CONTRIBUTION OF TEXTILE TECHNOLOGY TO THE DEVELOPMENT OF MODERN COMPRESSED BANDAGES


Bandage
Bandage (Photo credit: Wikipedia)

 

BY: – SVETLANA MILOSAVLJEVIC & PETAR SKUNDRIC

 

Although compression therapy is a key factor in the  successful treatment of some circulatory problems in lower limbs, this form of therapy includes some risks if used inappropriately. Based on deliberate application of pressure to a lower limb, using a variety of textile materials, elastic or rigid in order to produce a desired clinical effects,  modern compression therapy presents a good sample of successful penetration of textile technology into the phlebology field of medicine. However, although compression therapy has been in use for over 150 years, there exists a low awareness among practitioners and patients on the product usage, application techniques and benefit of appropriate selection of bandages for determined types of leg venous diseases. Also, not all manufacturers for compression textile materials seem to be conscious of end-users need. simultaneously, impressive developments in the field of elastic fibers and modern knitting and weaving technologies, offer chances for realization of completely new types of compressed bandages, capable of making an important contribution to the management of venous disease. In this review, starting from brief account of pathogenesis and the presentation of compression therapy principle, an account of the contribution of all sectors in the textile technology chain to a modern compression therapy is given.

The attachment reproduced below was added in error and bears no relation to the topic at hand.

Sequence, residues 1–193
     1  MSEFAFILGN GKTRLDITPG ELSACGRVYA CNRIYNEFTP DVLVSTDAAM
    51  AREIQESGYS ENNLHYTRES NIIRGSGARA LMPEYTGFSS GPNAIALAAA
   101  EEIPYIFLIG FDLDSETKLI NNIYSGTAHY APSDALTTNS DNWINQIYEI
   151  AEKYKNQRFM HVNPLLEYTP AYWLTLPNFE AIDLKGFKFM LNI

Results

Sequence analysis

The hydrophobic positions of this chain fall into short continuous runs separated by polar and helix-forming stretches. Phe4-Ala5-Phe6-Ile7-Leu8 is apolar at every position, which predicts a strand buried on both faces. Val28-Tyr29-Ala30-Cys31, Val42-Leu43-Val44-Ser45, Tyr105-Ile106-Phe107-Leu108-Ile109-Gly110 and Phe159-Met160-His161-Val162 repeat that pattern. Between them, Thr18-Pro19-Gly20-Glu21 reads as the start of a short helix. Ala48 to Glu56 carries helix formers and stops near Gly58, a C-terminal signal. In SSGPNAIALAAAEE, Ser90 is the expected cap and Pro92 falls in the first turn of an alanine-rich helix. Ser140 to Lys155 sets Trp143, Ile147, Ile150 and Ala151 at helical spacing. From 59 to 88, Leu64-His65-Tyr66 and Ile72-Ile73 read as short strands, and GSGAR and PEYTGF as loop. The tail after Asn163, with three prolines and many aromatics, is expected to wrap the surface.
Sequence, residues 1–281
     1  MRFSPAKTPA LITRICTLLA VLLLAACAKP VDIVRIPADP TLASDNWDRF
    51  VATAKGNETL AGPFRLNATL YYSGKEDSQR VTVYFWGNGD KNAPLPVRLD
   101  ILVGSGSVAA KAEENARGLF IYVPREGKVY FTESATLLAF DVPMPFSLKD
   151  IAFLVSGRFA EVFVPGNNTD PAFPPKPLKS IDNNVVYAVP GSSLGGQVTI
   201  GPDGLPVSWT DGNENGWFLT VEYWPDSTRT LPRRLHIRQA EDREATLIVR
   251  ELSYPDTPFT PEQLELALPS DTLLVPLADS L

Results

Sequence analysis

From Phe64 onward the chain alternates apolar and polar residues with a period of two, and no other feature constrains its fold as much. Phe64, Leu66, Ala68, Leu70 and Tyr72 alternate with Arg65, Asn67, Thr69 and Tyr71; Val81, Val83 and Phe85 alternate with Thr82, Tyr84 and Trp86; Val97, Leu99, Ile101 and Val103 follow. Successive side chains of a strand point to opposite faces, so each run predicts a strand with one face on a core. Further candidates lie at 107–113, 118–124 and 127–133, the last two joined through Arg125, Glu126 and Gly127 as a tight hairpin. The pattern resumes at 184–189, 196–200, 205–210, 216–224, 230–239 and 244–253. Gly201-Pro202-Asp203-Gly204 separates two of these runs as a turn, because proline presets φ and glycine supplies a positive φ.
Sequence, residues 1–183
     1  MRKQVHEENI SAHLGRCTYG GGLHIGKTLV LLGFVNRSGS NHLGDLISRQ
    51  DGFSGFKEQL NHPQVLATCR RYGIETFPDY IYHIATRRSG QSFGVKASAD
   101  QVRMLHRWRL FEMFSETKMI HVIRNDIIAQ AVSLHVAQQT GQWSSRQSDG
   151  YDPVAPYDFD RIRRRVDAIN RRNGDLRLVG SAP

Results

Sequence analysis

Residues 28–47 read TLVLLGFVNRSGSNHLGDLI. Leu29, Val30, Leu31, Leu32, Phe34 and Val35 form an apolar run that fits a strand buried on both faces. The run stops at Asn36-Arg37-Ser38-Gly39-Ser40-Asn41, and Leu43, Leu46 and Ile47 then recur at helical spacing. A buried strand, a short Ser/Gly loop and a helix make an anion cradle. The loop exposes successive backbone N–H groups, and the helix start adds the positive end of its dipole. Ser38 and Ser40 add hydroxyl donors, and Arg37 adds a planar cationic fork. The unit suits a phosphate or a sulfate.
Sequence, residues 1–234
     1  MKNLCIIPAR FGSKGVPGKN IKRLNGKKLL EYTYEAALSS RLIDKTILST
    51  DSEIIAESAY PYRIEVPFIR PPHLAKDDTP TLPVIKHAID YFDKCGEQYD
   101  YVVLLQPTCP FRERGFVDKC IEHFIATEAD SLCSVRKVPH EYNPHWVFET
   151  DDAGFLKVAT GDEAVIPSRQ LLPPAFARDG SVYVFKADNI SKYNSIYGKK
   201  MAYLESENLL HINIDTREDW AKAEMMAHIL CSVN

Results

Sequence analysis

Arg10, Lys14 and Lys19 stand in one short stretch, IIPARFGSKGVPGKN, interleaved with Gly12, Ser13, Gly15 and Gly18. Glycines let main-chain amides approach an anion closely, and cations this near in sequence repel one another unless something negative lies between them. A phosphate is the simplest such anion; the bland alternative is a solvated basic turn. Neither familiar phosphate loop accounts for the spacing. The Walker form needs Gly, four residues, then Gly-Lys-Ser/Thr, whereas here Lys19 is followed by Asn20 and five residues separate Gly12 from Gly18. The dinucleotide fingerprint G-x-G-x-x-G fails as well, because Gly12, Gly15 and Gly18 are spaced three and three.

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contribution of TT to the development of modern compression bandages

 

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CARPET HANDBOOK


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BY – EGE

INTRODUCTION